(Bloomberg) -- Democratic Representative Abigail Spanberger lashed out at House Speaker Nancy Pelosi and other party leaders who she accused of dragging their feet on legislation to ban stock trading by lawmakers.
Spanberger, who introduced a bill with Republican Representative Chip Roy to require that lawmakers place investment assets into a blind trust while in office, questioned Pelosi’s commitment to a stock-trading ban and called the delay in acting on any reform bill before the House leaves for a break “a failure of House leadership.”
“After first signaling her opposition to these reforms, the Speaker purportedly reversed her position. However, our bipartisan reform coalition was then subjected to repeated delay tactics, hand-waving gestures, and blatant instances of Lucy pulling the football,” Spanberger, who faces a competitive re-election contest for her Virginia district in November, said in a statement on Friday. “It’s yet another example of why I believe that the Democratic Party needs new leaders in the halls of Capitol Hill.”
Pelosi, who has faced pressure from some Democrats to allow a new generation to take over, said she hadn’t seen Spanberger’s statement and brushed aside the call for new leadership, saying she is focused on “winning the next election.”
She said parts of Spanberger’s proposal has been incorporated in legislation unveiled by senior Democrats earlier this week.
“Other members have ideas, too,” Pelosi said. “You have to have the votes to bring it up.”
Pelosi two weeks ago suggested that a vote on a stock trading ban might happen this month, but the House is set to leave Washington on Friday without taking any action on the legislation unveiled Monday by House Administration Chair Zoe Lofgren, a California Democrat and Pelosi ally. The bill emerged nine months after a coalition of progressive Democrats and conservative Republicans began a new push for prohibiting or restricting members of Congress from trading individual stocks and other financial instruments.
Senate Majority Leader Chuck Schumer had assigned a group of Senate Democrats to come up with a single bill that would incorporate multiple stock trading proposals introduced in that chamber. But no proposal has come forward yet.
Roy, the Texas Republican who co-sponsored a stock trading ban with Spanberger, said there are “a lot of people” in Congress who would rather not impose restrictions on trading stock, even though doing so would be broadly popular with voters.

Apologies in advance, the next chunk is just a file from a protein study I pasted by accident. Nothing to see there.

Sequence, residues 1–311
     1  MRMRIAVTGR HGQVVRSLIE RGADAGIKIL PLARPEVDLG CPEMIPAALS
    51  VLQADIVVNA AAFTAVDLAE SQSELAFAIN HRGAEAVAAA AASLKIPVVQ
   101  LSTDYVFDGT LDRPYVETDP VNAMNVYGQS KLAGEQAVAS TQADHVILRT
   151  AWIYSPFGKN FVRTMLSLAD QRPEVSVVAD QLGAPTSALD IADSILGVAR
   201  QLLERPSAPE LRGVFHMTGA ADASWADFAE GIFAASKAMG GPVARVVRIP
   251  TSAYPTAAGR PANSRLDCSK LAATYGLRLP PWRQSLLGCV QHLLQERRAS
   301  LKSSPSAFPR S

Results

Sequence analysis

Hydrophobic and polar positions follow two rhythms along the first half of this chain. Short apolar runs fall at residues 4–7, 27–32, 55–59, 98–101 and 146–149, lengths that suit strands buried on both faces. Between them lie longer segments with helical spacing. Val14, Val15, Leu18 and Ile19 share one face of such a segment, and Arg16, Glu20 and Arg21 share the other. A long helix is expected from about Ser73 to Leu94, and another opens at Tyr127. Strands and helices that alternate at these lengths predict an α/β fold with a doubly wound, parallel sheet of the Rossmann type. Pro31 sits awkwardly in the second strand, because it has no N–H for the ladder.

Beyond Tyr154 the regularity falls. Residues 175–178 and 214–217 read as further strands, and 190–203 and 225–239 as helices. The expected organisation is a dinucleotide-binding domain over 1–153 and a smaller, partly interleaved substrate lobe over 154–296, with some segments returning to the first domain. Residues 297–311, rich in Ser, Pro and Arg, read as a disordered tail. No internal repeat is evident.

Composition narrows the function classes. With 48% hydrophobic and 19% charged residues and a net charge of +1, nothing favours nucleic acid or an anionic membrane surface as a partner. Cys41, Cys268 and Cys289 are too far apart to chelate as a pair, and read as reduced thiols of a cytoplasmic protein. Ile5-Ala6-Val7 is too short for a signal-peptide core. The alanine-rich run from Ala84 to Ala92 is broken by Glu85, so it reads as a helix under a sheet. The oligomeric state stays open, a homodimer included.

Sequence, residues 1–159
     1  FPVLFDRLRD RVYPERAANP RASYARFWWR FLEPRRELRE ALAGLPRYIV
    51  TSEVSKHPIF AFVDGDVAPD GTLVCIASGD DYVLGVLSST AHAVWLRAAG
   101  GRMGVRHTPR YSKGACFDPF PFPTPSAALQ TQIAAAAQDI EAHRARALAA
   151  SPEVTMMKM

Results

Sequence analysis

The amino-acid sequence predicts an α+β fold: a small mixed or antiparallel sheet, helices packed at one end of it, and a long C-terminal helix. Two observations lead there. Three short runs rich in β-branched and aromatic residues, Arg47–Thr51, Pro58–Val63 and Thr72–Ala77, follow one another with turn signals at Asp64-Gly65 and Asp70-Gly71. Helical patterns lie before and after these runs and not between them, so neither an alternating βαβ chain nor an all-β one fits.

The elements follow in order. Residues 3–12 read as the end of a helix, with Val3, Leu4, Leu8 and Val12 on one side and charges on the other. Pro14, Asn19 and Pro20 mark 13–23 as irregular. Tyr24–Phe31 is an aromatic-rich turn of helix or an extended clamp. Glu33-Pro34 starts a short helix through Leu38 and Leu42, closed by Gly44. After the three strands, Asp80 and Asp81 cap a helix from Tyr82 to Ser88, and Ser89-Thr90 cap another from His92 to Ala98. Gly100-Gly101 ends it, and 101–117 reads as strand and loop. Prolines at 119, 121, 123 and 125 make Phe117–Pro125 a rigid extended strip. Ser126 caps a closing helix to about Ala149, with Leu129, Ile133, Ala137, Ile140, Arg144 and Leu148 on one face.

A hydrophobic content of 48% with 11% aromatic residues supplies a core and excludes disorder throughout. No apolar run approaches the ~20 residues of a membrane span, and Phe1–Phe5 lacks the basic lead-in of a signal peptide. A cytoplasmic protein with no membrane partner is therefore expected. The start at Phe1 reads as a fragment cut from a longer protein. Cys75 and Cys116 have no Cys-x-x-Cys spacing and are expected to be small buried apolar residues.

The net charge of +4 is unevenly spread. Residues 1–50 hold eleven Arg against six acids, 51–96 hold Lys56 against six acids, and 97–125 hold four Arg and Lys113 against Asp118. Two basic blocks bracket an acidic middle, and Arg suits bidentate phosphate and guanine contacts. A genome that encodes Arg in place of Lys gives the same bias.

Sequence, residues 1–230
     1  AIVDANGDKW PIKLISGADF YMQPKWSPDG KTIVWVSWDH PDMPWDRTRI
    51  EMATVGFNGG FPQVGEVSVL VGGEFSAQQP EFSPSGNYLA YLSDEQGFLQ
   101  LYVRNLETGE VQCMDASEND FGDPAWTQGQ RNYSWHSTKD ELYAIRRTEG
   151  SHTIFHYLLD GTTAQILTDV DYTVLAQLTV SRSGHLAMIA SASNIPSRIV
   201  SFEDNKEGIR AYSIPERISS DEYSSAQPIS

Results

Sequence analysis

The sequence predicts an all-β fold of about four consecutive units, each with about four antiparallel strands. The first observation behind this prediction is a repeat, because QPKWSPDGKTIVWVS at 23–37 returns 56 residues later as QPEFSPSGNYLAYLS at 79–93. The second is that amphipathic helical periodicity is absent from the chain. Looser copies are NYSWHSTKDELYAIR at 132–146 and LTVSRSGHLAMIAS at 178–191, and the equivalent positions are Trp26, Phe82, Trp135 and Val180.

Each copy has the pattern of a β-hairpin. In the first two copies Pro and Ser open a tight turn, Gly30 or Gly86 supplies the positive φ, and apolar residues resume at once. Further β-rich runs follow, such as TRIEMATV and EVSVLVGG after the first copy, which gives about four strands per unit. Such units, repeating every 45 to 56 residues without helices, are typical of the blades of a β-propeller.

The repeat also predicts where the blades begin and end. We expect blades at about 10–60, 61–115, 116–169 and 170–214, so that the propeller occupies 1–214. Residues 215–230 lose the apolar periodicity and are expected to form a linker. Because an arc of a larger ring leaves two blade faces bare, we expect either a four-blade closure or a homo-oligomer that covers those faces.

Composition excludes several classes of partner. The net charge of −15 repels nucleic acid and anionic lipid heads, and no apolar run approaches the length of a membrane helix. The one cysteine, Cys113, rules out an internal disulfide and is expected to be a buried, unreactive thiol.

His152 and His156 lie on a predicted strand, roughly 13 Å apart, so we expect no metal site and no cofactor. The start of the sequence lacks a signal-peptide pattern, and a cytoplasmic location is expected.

“I think there’s a lot of, a lot of efforts to purposefully kind of make this just kind of die under its own weight, and that’s not surprising,” he said, adding that Congress will need to address the issue eventually.
“One of the highest applause lines I get is that members of Congress shouldn’t be actively trading while they’re voting on these issues at the same time,” he said. “I think that tells you where the body will have to go.”
Democratic Representative Chris Pappas of New Hampshire, who is facing a tough campaign for re-election, joined in the criticism of the delay, saying there are multiple proposals that have bipartisan support.
“The endless delays in this process are completely unnecessary,” he said in a statement.
House Majority Leader Steny Hoyer, who oversees the floor schedule, had privately told other members of House Democratic leadership that he opposed the stock trading ban. He told reporters Friday in response to Spanberger’s statement that leaders will weigh bringing up the stock trading ban when lawmakers return after the Nov. 8 election, which will decide control of Congress next year.
“I think that is an issue that we are going to be looking at,” the Maryland Democrat said. “There is going to be continued interest in that.”
Democratic officials, who did not want to be identified in discussing private conversations, said there are deep divisions among Democrats over the legislation, including among party leaders. Some Democrats who are in closer races that Spanberger and who oppose parts of Lofgren’s proposal don’t want to take a politically difficult vote just weeks before the election, the officials said.
Lofgren said this week that her bill was getting a “pretty positive” reception but would be subject to negotiations with other lawmakers. She said delaying a vote beyond this week should not taken as any signal about its chances. “I don’t think so because the Senate is not going to get theirs done this week, either,” she said.
The legislation would require public officials to divest current holdings or put them in a blind trust. It would also tighten disclosure requirements and increase penalties for violations. The vice president, Supreme Court justices, cabinet officers and other top government officials would face the restrictions as well.
The bill’s trade and ownership restrictions cover commodities, futures, cryptocurrency or other digital assets as well as stocks. Also covered are interests acquired through derivatives, including options.
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